You can make all of these functions accessible through buttons on the control panel. The program
should list what frame the user is currently on, and how many total frames are in the animation. Here is
an example of a submission that has an Animation panel (on the left, in a separate JFrame. Also note that
this example has a “Next Frame” button that changes to a “New Frame” button when the user is at the
final slide.):
This example also has some extra functionality (like a Clear button, Brush, Undo, and Onion Skin)
which might make testing your application easier. You aren’t required to have them, but adding them
can be a good programming exercise.
Extra Credit
(+10 maximum)
● (+5) Save/load animations.
● (+5) Have a toggle-able feature called onion skin, where the shapes in the previous frame show
up as transparent shapes in the current slide, and cannot be edited there. See below:
Hints and other notes
● Your program only needs to handle “click-and-drags” to the bottom and right of the initial click
point. (Although brownie points for those that can do both directions)
● JColorChooser provides several useful methods, including showDialog. See http://
download.oracle.com/javase/6/docs/api/javax/swing/JColorChooser.html for more details.
● Consider using some sort of component that allows you to select between two options for the
filled/unfilled option. The Java API is your friend.
● You might need to use aspects of both MouseListener and MouseMotionListener to
accomplish the desired draw effects.
● The getPoint method can be called on the MouseEvent to determine where the mouse is.
● If you set up your hierarchy correctly, you should be able to add all the shapes to a single
ArrayList of generic type Shape. From there, you can call a draw method on every shape. In
other words, if you declare an ArrayList, it can hold Rectangles, Ovals, and Lines. You
can call any of Shape’s methods on the objects retrieved from the list.
● A paintComponent(Graphics g) method inside a JPanel allows you to draw on a JPanel similar to
a paint method in applets.
● For two Panels to be able to communicate with each other, consider having an instance variable
for the other panel in one of the panels classes. You then create the other panel first, and pass it’s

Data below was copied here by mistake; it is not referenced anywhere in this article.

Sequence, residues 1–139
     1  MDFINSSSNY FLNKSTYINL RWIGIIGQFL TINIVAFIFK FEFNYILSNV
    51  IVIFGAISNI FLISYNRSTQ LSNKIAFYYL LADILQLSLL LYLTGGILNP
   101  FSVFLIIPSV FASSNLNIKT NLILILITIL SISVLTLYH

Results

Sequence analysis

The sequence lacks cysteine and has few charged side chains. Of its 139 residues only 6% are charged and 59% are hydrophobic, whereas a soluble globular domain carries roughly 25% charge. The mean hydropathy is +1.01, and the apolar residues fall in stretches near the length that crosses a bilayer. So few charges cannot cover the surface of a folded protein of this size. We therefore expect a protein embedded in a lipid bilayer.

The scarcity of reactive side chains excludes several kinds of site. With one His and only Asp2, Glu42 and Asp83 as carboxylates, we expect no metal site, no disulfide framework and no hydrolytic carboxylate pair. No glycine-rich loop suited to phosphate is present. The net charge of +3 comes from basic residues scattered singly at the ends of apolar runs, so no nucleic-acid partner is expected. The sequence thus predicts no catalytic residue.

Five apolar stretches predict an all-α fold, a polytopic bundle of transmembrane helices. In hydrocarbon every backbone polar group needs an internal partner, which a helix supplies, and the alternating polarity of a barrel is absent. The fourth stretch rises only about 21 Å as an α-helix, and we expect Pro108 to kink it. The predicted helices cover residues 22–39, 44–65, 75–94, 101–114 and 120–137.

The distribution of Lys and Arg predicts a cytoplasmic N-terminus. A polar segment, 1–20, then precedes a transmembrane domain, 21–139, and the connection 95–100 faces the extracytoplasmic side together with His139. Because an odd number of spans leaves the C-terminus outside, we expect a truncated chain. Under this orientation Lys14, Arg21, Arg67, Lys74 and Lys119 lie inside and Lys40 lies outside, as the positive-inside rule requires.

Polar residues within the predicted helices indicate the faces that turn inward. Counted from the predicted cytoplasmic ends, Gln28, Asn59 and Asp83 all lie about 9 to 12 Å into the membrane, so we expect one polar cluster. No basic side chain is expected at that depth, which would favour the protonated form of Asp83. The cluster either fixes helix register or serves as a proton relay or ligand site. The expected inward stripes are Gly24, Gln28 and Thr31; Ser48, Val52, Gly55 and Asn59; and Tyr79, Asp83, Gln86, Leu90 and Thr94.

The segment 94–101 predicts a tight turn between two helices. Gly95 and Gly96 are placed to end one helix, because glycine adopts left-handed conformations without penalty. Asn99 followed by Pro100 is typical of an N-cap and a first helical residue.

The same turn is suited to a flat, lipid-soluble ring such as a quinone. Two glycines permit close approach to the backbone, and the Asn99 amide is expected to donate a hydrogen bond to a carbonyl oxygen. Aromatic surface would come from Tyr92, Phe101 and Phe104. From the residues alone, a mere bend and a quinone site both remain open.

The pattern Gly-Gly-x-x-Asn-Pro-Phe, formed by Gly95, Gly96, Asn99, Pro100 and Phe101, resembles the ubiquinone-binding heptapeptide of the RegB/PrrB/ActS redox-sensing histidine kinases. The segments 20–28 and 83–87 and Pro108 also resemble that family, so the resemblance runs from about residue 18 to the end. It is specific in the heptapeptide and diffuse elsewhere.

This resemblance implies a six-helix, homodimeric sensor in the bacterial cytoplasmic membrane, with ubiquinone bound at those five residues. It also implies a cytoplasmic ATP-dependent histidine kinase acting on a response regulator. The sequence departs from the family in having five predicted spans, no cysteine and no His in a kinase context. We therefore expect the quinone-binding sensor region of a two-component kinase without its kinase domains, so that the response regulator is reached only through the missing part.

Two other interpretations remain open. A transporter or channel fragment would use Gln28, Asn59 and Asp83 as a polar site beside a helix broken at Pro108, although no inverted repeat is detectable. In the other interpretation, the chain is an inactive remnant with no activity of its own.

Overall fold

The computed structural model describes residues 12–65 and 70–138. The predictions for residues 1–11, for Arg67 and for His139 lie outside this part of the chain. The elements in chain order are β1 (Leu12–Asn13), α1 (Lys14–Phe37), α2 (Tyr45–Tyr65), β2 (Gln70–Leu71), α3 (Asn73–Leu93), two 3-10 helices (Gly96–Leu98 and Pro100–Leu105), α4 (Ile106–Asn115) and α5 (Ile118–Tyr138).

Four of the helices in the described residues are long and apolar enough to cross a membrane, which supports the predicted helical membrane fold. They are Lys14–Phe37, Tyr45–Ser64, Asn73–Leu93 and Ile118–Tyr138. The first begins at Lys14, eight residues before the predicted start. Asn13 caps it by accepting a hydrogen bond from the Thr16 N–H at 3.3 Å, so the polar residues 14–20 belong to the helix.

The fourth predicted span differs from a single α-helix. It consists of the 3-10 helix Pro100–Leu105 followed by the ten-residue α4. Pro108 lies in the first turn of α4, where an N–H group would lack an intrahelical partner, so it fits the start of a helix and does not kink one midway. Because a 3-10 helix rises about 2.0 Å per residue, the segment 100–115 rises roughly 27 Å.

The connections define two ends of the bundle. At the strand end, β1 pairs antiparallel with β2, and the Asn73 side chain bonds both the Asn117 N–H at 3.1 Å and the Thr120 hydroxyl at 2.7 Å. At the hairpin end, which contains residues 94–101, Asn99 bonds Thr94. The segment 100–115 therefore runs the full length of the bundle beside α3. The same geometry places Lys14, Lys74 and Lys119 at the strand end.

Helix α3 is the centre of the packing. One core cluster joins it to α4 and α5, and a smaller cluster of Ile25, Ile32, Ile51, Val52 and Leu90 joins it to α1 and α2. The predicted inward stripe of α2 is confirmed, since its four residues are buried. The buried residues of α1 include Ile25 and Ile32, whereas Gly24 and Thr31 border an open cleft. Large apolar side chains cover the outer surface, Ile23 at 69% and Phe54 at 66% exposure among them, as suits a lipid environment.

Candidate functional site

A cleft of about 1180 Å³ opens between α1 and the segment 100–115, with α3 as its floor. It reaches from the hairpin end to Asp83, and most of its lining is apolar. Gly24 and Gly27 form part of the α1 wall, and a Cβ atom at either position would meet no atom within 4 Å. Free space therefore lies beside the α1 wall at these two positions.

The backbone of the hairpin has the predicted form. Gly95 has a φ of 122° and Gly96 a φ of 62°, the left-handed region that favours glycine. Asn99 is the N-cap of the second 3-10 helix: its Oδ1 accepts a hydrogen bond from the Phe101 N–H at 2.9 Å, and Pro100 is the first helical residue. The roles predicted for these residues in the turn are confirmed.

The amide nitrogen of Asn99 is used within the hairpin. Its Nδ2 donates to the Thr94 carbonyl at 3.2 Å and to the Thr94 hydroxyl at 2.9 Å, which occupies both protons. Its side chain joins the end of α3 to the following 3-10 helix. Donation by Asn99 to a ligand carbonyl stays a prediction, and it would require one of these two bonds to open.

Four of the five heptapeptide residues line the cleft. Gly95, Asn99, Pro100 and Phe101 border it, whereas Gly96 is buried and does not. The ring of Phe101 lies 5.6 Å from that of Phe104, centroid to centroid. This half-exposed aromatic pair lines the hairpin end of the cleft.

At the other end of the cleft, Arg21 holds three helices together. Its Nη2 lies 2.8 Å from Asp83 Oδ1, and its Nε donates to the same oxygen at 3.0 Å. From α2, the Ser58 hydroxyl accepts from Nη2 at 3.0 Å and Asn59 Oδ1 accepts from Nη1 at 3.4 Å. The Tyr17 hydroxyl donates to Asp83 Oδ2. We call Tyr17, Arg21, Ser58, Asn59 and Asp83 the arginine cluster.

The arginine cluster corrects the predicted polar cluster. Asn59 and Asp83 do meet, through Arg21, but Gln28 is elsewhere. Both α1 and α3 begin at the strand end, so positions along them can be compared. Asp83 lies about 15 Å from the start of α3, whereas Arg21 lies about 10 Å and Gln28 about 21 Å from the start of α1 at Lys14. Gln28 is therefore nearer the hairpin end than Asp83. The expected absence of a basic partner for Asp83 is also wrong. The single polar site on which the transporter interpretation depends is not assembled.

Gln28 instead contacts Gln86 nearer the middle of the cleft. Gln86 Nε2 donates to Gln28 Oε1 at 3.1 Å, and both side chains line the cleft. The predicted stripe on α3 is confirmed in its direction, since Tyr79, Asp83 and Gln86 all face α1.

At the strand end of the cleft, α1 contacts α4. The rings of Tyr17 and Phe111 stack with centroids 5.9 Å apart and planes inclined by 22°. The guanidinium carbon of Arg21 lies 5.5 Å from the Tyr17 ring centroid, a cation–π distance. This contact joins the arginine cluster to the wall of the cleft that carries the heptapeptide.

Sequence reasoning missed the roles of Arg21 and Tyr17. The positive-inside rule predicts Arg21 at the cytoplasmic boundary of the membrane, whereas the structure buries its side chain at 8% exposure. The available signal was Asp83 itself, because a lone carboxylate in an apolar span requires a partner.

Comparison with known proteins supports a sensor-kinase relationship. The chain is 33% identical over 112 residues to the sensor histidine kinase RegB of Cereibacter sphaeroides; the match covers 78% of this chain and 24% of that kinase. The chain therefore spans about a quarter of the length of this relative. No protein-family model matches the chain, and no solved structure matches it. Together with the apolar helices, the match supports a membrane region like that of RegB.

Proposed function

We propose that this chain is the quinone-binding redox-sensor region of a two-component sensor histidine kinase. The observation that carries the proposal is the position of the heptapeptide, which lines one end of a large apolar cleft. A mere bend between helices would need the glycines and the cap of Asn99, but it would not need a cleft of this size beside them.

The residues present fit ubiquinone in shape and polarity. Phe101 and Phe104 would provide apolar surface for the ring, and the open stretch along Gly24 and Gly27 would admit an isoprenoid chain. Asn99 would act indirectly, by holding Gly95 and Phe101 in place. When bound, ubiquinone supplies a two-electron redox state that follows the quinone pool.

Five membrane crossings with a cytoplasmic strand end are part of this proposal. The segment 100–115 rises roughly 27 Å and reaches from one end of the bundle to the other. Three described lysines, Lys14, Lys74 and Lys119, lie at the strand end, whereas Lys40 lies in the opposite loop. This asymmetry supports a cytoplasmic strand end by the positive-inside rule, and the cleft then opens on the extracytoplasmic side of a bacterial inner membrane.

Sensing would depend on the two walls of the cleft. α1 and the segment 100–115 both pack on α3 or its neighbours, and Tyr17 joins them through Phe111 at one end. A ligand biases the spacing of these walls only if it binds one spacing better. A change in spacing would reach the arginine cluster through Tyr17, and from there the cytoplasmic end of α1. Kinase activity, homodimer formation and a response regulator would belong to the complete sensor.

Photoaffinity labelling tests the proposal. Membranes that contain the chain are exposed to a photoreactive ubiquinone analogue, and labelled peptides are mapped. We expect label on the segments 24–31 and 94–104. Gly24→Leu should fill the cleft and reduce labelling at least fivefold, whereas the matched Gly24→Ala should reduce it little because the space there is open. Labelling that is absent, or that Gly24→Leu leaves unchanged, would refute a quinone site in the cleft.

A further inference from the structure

reference in as a parameter to the constructor of the second panel.
○ To simplify that, consider creating an InputPanel first, and then passing that reference to
the constructor of the PaintPanel and saving it.
○ Or vice-versa.
● You should not be creating a new InputPanel inside PaintPanel. You need to work with the same
InputPanel added to the main container by reference passing.
● You need a container to hold the two panels. Know that a JFrame can hold more than one JPanel,
and uses BorderLayout by default.
● Think of how you can use x1 and x2 to calculate width, and y1 and y2 to calculate height so that
you might utilize the Graphics drawing methods you learned in the beginning of the semester.
Turn-in Procedure
Turn in the following files on T-Square. When you’re ready, double-check that you have submitted and
not just saved as draft.
● Shape.java
● Rectangle.java
● Oval.java
● Line.java
● PaintGUI.java
● Any panel classes (ie InputPanel, PaintPanel)
● Any other files needed to run your program
All .java files should have a descriptive javadoc comment.
Verify the Success of Your HW Turn-In
Practice “safe submission”! Verify that your HW files were truly submitted correctly, the upload was
successful, and that the files compile and run. It is solely your responsibility to turn in your homework
and practice this safe submission safeguard.
1. After uploading the files to T-Square you should receive an email from T-Square listing the names of
the files that were uploaded and received. If you do not get the confirmation email almost immediately,
something is wrong with your HW submission and/or your email. Even receiving the email does not
guarantee that you turned in exactly what you intended.
2. After submitting the files to T-Square, return to the Assignment menu option and this homework. It should
show the submitted files.
3. Download copies of your submitted files from the T-Square Assignment page placing them in a new folder.
4. Recompile and test those exact files.
5. This helps guard against a few things.
a. It helps insure that you turn in the correct files.
b. It helps you realize if you omit a file or files.**
(If you do discover that you omitted a file, submit all of your files again, not just the missing one.)
c. Helps find last minute causes of files not compiling and/or running.
**Note: Missing files will not be given any credit, and non-compiling homework solutions will receive
few to zero points. Also recall that late homework (past the grace period of 2 am) will not be accepted
regardless of excuse. Treat the due date with respect.